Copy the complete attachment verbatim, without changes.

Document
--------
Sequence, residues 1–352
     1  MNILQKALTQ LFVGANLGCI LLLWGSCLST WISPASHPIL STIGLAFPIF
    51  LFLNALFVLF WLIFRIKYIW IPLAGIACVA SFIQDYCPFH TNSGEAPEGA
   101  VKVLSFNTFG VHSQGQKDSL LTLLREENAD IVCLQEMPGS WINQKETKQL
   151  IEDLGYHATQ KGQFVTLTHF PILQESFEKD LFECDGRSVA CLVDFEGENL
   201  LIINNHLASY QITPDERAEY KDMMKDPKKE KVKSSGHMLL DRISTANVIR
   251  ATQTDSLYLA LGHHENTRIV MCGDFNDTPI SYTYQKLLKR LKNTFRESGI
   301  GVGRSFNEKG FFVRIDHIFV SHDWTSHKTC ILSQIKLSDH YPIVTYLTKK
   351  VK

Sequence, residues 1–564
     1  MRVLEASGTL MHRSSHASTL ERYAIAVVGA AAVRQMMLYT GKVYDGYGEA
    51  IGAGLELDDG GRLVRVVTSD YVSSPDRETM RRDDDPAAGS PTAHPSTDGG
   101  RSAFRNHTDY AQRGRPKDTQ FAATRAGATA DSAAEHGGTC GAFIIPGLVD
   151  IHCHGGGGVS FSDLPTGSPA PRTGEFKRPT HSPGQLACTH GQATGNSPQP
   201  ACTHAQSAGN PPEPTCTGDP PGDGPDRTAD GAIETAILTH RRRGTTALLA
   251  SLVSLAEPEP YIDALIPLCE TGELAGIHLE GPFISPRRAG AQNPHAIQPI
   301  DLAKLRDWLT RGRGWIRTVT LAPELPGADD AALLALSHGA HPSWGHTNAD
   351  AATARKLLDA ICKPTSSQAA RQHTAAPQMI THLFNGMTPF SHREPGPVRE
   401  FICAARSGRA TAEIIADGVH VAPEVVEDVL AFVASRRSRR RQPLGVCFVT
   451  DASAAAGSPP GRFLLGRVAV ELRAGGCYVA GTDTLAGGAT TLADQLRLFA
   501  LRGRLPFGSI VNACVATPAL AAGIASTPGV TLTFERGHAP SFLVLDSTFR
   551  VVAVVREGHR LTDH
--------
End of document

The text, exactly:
Sequence, residues 1–352
     1  MNILQKALTQ LFVGANLGCI LLLWGSCLST WISPASHPIL STIGLAFPIF
    51  LFLNALFVLF WLIFRIKYIW IPLAGIACVA SFIQDYCPFH TNSGEAPEGA
   101  VKVLSFNTFG VHSQGQKDSL LTLLREENAD IVCLQEMPGS WINQKETKQL
   151  IEDLGYHATQ KGQFVTLTHF PILQESFEKD LFECDGRSVA CLVDFEGENL
   201  LIINNHLASY QITPDERAEY KDMMKDPKKE KVKSSGHMLL DRISTANVIR
   251  ATQTDSLYLA LGHHENTRIV MCGDFNDTPI SYTYQKLLKR LKNTFRESGI
   301  GVGRSFNEKG FFVRIDHIFV SHDWTSHKTC ILSQIKLSDH YPIVTYLTKK
   351  VK

Sequence, residues 1–564
     1  MRVLEASGTL MHRSSHASTL ERYAIAVVGA AAVRQMMLYT GKVYDGYGEA
    51  IGAGLELDDG GRLVRVVTSD YVSSPDRETM RRDDDPAAGS PTAHPSTDGG
   101  RSAFRNHTDY AQRGRPKDTQ FAATRAGATA DSAAEHGGTC GAFIIPGLVD
   151  IHCHGGGGVS FSDLPTGSPA PRTGEFKRPT HSPGQLACTH GQATGNSPQP
   201  ACTHAQSAGN PPEPTCTGDP PGDGPDRTAD GAIETAILTH RRRGTTALLA
   251  SLVSLAEPEP YIDALIPLCE TGELAGIHLE GPFISPRRAG AQNPHAIQPI
   301  DLAKLRDWLT RGRGWIRTVT LAPELPGADD AALLALSHGA HPSWGHTNAD
   351  AATARKLLDA ICKPTSSQAA RQHTAAPQMI THLFNGMTPF SHREPGPVRE
   401  FICAARSGRA TAEIIADGVH VAPEVVEDVL AFVASRRSRR RQPLGVCFVT
   451  DASAAAGSPP GRFLLGRVAV ELRAGGCYVA GTDTLAGGAT TLADQLRLFA
   501  LRGRLPFGSI VNACVATPAL AAGIASTPGV TLTFERGHAP SFLVLDSTFR
   551  VVAVVREGHR LTDH